# Calculus/Extreme Value Theorem

 ← Euler's Method Calculus Rolle's Theorem → Extreme Value Theorem
Extreme Value Theorem
If f is a continuous function and closed on the interval [$a,b$ ], then f has both a minimum and a maximum.

This introduces us to the aspect of global extrema and local extrema. (Also known as absolute extrema or relative extrema respectively.)

How is this so? Let us use an example.

$f(x)=x^{2}$ and is closed on the interval [-1,2]. Find all extrema.

${\frac {dy}{dx}}=2x$ A critical point (a point where the derivative is zero) exists at (0,0). Just for practice, let us use the second derivative test to evaluate whether or not it is a minimum or maximum. (You should know it is a minimum from looking at the graph.)

${\frac {d^{2}y}{dx^{2}}}=2$ $f''(c)>0$ , thus it must be a minimum.

As mentioned before, one can find global extrema on a closed interval. How? Evaluate the y coordinate at the endpoints of the interval and compare it to the y coordinates of the critical point. When you are finding extrema on a closed interval it is called a local extremum and when it's for the whole graph it's called a global extremum.

1: Critical Point: (0,0) This is the lowest value in the interval. Therefore, it is a local minimum which also happens to be the global minimum.

2: Left Endpoint (-1, 1) This point is not a critical point nor is it the highest/lowest value, therefore it qualifies as nothing.

3: Right Endpoint (2, 4) This is the highest value in the interval, and thus it is a local maximum.

This example was to show you the extreme value theorem. The quintessential point is this: on a closed interval, the function will have both minima and maxima. However, if that interval was an open interval of all real numbers, (0,0) would have been a local minimum. On a closed interval, always remember to evaluate endpoints to obtain global extrema.

## First Derivative Test

Recall that the first derivative of a function describes the slope of the graph of the function at every point along the graph for which the function is defined and differentiable.

Increasing/Decreasing:

• If $f'(x)<0\$ , then $f(x)\$  is decreasing.
• If $f'(x)>0\$ , then $f(x)\$  is increasing.

Local Extrema:

• If ${\frac {dy}{dx}}|_{x=c}=f'(c)=0$  and $f'(x)\$  changes signs at $x=c\$ , then there exists a local extremum at $x=c\$ .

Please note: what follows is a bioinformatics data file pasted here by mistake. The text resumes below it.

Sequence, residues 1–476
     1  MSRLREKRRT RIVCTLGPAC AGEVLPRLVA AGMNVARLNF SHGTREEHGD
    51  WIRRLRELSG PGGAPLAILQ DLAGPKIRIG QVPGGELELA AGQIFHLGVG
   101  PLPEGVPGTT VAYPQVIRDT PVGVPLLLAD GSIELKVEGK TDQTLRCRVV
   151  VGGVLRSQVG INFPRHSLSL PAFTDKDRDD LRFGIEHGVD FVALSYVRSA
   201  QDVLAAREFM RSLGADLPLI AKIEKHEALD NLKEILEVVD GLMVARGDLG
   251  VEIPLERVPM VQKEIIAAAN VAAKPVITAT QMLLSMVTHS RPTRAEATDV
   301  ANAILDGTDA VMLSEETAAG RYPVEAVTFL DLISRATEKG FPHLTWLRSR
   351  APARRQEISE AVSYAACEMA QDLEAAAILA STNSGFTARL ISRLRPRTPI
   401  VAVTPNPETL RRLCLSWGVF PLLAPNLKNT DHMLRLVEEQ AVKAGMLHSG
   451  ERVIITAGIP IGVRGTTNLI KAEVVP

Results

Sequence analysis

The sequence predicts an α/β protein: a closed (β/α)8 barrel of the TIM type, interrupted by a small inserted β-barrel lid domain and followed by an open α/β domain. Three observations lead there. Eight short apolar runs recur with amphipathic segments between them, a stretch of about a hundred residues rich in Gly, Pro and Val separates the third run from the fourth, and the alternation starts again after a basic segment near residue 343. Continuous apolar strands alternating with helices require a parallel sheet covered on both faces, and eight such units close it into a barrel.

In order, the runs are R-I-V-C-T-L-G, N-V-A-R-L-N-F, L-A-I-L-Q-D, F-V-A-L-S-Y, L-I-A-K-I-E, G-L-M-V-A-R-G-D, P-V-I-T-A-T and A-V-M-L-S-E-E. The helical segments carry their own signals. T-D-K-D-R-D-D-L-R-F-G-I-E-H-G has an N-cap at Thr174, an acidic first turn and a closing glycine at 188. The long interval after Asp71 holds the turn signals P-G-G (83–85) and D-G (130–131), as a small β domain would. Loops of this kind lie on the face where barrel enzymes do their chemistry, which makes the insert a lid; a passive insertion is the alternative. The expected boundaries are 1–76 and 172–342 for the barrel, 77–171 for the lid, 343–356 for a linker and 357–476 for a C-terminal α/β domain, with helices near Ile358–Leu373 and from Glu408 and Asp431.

• If $f'(x)<0\$  for $x  and $f'(x)>0\$  for $x>c\$ , then $f(c)\$  is a local minimum.
• If $f'(x)>0\$  for $x  and $f'(x)<0\$  $x>c\$ , then $f(c)\$  is a local maximum.

Example 1:

Let $f(x)=3x^{2}+4x-5\$ . Find all local extrema.

• Find ${\frac {dy}{dx}}$
$f(x)=3x^{2}+4x-5\$
$f'(x)=6x+4\$
• Set ${\frac {dy}{dx}}=0$  to find local extrema.
$6x+4=0\$
$6x=-4\$
$x=-{\frac {2}{3}}$
• Determine whether there is a local minimum or maximum at $x=-{\frac {2}{3}}$ .
Choose an x value smaller than $-{\frac {2}{3}}$ :
$f'(-1)=6(-1)+4=-2<0\$
Choose an x value larger than $-{\frac {2}{3}}$ :
$f'(1)=6(1)+4=10>0\$

Therefore, there is a local minimum at $x=-{\frac {2}{3}}$  because $f'(-{\frac {2}{3}})=0$  and $f'(x)\$  changes signs at $x=-{\frac {2}{3}}$ .

Answer: local minimum: $x=-{\frac {2}{3}}$ .


## Second Derivative Test

Recall that the second derivative of a function describes the concavity of the graph of that function.

• If ${\frac {d^{2}y}{dx^{2}}}|_{x=c}=f''(c)=0$  and $f''(c)\$  changes signs at $x=c\$ , then there is a point of inflection (change in concavity) at $x=c\$ .
• If $f''(x)<0\$ , then the graph of $f(x)\$  is concave down.
• If $f''(x)>0\$ , then the graph of $f(x)\$  is concave up.

Example 2:

Let $f(x)=x^{3}+2x+7\$ .  Find any points of inflection on the graph of $f(x)\$ .

• Find ${\frac {d^{2}y}{dx^{2}}}$ .
$f(x)=x^{3}+2x+7\$
$f'(x)=3x^{2}+2\$
$f''(x)=6x\$
• Set ${\frac {d^{2}y}{dx^{2}}}=0$ .
$6x=0\$
$x=0\$
• Determine whether $f''(x)\$  changes signs at $x=0\$ .
Choose an x value that is smaller than 0:
$f''(-1)=6(-1)=-6<0\$
Choose an x value that is larger than 0:
$f''(1)=6(1)=6>0\$

Therefore, there exists a point of inflection at $x=0\$  because $f''(0)=0\$  and $f''(x)\$  changes signs at $x=0\$ .

Answer: point of inflection: $x=0\$ .